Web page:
A security review of the D library Crypto
cpicard at purrfect.fr
Wed Jul 1 11:54:54 UTC 2020
On Wednesday, 1 July 2020 at 10:59:13 UTC, Dukc wrote:
> On Wednesday, 1 July 2020 at 07:19:11 UTC, Cym13 wrote:
>> Here's what you should know if you are a user:
>> RSA, as implemented in the library, is still very much broken.
>> I do not recommend using it. The confidentiality and integrity
>> of all messages exchanged using this library must be
>> questionned: if you exchanged sensitive information such as
>> passwords using it I recommend to change them since their
>> security is not guaranteed.
> Thanks for the article. IMO it was as clear for
> non-professionals as crypto can be: Even I (non-crypographer)
> understood what's the problem with padding with only one byte.
Thank you for that feedback.
> It also illustrates what's the prolem with cryptography: it's
> like coding without ability to test. Who could even dream to
> get that right the first or even the second time? I think there
> a shortcoming in the "don't roll your own crypto" - advice: One
> could think it only applies to the algorithms, not the
> implementation. That's what I did when I first heard it.
There's one more element missing here: the protocol. Cryptography
isn't about encrypting stuff, it's about protecting secrets from
start to finish and that includes the protocol used. To take an
example, many people can think "Hey, I need encryption between my
two servers, I'll use AES" and stop there. But use AES how? What
mode (CBC,GCM,...)? Let's say CBC is used, what about message
authentication? Can I just modify your stream? How is the key
exchanged? How is the key generated? Etc.
People tend to focus on encryption, be it algorithm or
implementation, but once you've got bricks it's still a pain to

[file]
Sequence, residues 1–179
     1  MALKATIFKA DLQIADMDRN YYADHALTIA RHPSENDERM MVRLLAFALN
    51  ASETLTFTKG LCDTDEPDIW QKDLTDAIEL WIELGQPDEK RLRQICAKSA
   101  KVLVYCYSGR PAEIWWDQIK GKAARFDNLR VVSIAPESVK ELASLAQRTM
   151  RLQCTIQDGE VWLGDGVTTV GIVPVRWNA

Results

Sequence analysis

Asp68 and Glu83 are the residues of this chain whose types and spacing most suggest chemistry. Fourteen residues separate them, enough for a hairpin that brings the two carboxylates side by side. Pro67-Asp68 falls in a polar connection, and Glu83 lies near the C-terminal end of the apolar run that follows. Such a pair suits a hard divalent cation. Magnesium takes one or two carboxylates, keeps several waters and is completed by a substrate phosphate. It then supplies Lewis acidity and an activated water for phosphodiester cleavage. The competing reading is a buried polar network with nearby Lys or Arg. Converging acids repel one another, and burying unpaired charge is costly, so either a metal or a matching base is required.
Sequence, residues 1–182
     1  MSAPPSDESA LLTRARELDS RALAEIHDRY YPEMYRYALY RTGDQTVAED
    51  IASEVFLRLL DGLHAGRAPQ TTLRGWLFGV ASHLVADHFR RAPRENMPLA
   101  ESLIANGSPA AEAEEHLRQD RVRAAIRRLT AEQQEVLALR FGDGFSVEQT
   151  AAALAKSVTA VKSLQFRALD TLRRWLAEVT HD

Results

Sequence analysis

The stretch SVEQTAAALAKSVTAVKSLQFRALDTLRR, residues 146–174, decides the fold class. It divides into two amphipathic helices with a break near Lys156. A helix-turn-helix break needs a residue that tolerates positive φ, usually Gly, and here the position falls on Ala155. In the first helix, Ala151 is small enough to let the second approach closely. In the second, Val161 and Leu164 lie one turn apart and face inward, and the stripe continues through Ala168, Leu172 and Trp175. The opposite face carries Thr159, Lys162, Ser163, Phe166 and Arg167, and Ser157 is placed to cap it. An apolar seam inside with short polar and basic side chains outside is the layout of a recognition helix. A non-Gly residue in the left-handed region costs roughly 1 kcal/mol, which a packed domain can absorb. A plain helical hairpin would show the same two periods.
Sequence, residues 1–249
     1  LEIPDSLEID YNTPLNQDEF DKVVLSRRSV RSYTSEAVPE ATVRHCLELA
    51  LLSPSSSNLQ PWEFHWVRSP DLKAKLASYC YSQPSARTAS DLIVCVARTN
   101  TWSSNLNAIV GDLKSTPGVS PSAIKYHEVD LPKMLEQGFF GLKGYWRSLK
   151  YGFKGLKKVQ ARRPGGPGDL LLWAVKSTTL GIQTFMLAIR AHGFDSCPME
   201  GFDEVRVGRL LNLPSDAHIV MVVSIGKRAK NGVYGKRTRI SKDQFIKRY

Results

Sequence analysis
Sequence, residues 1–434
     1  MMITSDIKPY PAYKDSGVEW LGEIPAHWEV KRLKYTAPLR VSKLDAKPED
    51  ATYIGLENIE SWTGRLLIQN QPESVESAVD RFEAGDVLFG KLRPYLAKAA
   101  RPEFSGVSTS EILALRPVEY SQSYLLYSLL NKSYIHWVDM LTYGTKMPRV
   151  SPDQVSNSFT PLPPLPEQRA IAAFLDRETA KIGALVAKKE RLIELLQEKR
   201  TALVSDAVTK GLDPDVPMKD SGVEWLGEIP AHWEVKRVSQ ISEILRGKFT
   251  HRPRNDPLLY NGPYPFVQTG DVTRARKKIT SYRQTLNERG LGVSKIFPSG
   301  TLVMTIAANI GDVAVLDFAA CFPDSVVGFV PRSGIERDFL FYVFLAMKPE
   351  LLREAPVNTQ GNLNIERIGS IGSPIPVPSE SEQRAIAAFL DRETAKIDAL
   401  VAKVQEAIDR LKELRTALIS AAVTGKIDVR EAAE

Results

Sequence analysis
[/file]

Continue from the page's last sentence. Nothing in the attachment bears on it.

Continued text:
put them together in a solid way. Things like TLS or SSH actually
combine at least 3 completely different sets of bricks to
establish the communication, authenticate it, secure it once
So, in a way, "don't roll your own crypto" means "use TLS as much
as possible" :)
> If one needs to use cryptography, would redundancy help? I
> mean, encode and decode the message with say three different
> algorithms from different libraries, so that the attacker would
> need to find a weakness in all of them?
That's a good question. The general answer is: no.
The more detail answer is: in some cases it can help (I know of
one client for example that doesn't trust national standards and
has layered US technology with Russian technology to make sure
that at least one layer stands).
However in the general case we can prove that the security of the
combination is less than or equal to the security of the better
of the elements of that combination. In some cases badly choosen
algorithm actually counteract each other leading to easier
My general advice is to stay true to well audited implementations
of good standards. I like opiniated libraries in that context so
I'd say "whatever libsodium implements".
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